The GIC, which operates out of CAMH, pronounced “Cam-H,” had been standing firm against a changing tide in the world of psychological treatment for children with gender dysphoria. The “gender-affirmative” approach, which focuses on identifying young transgender children and helping them socially transition — that is, express their gender to others through their everyday clothes, name changes, or other means — has been on the rise in recent years, and has become the favored protocol of many activists and clinicians. GIC clinicians, who saw clients between ages 3 and 18, had a much more cautious stance on social transitioning for their younger clients — they believed that in many cases, it was preferable to first “help children feel comfortable in their own bodies,” as they often put it, since in the GIC’s view gender is quite malleable at a young age and gender dysphoria will likely resolve itself with time.

Many activists see this approach as a rejection of young children’s transgender identities, and Zucker as its regressive standard-bearer. As a result, the GIC had been tarred for years as a “conversion” or “reparative” therapy clinic — terms which conjure images of outfits operated out of backwoods shacks in the Bible Belt. Responding to what felt like a surge in this line of criticism from activists, CAMH had agreed in February of 2015 to commission an External Review that would evaluate the clinic’s operations, and possibly, Zucker and his staffers knew, determine its future. CAMH had already taken actions suggesting that that future might be dim: In June of 2014, the hospital closed the GIC’s approximately 80-family waitlist (for being too long, administrators said), and about two months before Zucker’s vacation was interrupted, the clinic’s only other full-time staffer, the psychologist Dr. Hayley Wood, was laid off on her first day back from maternity leave. (Wood declined to comment for this article.)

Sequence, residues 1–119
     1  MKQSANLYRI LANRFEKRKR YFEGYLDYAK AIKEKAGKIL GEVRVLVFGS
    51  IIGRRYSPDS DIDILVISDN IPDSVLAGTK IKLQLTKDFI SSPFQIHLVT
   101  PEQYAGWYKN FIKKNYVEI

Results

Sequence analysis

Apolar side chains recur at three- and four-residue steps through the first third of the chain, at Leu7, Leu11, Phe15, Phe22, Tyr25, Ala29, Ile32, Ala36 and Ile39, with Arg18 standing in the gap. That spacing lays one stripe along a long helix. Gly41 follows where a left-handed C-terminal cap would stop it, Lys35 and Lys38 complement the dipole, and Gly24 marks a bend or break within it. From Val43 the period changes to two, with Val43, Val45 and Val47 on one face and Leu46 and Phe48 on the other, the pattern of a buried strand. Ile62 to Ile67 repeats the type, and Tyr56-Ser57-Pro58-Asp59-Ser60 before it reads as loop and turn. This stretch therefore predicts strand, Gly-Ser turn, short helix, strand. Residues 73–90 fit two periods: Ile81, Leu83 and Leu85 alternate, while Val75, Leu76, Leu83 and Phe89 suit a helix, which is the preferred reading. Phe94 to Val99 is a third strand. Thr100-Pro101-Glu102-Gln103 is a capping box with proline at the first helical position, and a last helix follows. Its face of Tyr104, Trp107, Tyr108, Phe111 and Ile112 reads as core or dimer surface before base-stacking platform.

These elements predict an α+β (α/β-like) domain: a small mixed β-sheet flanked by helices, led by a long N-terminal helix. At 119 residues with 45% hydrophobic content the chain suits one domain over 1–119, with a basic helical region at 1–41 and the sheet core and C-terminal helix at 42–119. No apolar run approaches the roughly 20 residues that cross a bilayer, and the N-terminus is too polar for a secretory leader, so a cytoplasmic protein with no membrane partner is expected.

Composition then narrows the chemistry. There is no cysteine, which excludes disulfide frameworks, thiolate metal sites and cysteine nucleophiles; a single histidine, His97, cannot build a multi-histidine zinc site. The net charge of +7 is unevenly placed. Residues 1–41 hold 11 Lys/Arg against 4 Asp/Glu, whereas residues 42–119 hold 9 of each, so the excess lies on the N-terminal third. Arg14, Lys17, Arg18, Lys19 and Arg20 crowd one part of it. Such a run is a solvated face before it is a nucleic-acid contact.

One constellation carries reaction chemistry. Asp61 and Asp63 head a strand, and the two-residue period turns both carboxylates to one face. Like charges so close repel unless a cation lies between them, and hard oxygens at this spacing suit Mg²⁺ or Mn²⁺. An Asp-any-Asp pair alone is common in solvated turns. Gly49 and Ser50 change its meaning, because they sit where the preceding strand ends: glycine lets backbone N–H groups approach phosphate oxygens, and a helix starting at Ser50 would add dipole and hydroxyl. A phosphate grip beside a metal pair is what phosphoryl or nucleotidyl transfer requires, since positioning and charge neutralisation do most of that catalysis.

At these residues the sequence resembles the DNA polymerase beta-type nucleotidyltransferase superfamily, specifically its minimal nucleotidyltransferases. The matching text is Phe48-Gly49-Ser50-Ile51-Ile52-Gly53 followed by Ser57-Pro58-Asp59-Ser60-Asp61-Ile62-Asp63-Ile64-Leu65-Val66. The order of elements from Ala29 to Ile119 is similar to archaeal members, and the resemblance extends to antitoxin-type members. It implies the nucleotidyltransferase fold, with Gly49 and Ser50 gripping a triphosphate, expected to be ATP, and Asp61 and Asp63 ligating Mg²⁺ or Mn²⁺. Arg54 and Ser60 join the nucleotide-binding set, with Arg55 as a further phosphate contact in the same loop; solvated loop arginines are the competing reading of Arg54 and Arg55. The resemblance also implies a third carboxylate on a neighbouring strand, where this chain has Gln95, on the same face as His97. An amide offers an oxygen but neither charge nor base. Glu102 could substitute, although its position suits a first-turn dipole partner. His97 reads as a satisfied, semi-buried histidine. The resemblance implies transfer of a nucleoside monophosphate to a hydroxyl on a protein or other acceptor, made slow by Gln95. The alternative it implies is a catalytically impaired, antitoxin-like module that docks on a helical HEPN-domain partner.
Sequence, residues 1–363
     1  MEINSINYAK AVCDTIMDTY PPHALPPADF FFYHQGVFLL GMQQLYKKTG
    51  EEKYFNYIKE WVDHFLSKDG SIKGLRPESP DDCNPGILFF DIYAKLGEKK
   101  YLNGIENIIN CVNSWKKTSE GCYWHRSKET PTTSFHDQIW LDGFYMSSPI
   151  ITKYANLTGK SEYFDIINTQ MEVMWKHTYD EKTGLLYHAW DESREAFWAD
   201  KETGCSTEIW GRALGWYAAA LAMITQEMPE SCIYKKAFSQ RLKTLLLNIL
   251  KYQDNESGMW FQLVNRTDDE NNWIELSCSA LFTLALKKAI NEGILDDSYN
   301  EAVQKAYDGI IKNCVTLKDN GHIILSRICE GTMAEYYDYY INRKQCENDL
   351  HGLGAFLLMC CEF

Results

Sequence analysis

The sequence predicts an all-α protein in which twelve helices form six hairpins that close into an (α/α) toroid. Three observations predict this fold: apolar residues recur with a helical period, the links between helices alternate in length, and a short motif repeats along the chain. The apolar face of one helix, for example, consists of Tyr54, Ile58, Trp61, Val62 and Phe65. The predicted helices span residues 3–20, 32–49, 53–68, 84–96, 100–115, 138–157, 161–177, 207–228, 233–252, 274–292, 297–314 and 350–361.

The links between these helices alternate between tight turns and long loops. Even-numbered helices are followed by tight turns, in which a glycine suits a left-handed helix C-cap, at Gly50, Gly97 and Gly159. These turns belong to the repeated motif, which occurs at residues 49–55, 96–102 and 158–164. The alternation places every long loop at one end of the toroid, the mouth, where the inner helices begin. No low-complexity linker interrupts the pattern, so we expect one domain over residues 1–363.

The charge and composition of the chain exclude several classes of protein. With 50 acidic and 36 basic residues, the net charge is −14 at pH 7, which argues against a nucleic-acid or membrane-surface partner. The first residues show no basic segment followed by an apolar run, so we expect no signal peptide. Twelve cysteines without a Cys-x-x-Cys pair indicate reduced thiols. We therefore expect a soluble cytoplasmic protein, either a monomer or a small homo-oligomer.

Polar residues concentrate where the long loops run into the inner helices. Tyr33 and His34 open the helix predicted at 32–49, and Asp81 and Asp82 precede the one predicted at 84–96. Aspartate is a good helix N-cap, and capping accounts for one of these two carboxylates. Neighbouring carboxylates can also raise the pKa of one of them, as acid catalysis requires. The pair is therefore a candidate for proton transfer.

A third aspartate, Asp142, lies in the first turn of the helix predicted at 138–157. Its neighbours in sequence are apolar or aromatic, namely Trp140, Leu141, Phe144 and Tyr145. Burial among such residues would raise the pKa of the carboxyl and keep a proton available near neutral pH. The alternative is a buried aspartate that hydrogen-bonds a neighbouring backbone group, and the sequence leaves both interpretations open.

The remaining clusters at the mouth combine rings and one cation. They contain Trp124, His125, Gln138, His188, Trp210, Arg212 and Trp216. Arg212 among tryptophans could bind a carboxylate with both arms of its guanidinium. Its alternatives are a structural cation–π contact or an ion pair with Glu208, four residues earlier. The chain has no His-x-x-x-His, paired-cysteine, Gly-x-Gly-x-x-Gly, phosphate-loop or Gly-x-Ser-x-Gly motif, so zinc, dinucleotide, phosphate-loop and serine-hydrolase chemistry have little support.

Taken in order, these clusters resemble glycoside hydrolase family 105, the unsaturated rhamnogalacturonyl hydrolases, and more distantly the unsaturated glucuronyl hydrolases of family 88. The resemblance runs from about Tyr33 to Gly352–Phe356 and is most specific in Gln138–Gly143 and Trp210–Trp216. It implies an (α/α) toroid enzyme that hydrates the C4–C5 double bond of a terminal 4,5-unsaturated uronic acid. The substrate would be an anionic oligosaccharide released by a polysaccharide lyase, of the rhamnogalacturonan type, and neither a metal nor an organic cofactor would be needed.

And now BBC used him in their documentary on trans children and is drawing a lot of fire for it.
Transgender activists concerned about film featuring former CAMH psychologist Ken Zucker
Thousands sign petition for expert review of documentary featuring former director of Gender Identity Centre
CBC News
By Michelle Cheung,
Posted: Jan 12, 2017
A documentary scheduled to air on British television Thursday is raising concerns among transgender activists in this city, partly because it features a Toronto psychologist widely accused of trying to prevent transgender children from getting sex reassignment treatment.

As of this writing, almost 11,000 people have signed an online petition demanding that the BBC2 documentary Transgender Kids: Who Knows Best? be independently reviewed by an expert before it airs.

"Ultimately, this TV show could spark a trail of prejudice; belittling transgender children, leading them to not being socially accepted by society," wrote Lucas Johnston, on his petition.

Johnston's concerns stem from the documentary's interview with Dr. Kenneth Zucker, the former director of the Child Youth and Family Gender Identity Clinic at the Centre for Addiction and Mental Health. In December 2015, CAMH announced it was "winding down" the clinic and Zucker was no longer employed there.
Some transgender activists have suggested the Gender Identity Clinic for youth Zucker ran was practising "conversion" or "reparative therapy," which counsels queer youth to accept their biological sex, an accusation clinic staff denied.
Conversion or reparative therapy is being banned in more and more states here in the U.S.

I hope the documentary fades away but I have a feeling that the show will be used by the opposition against us.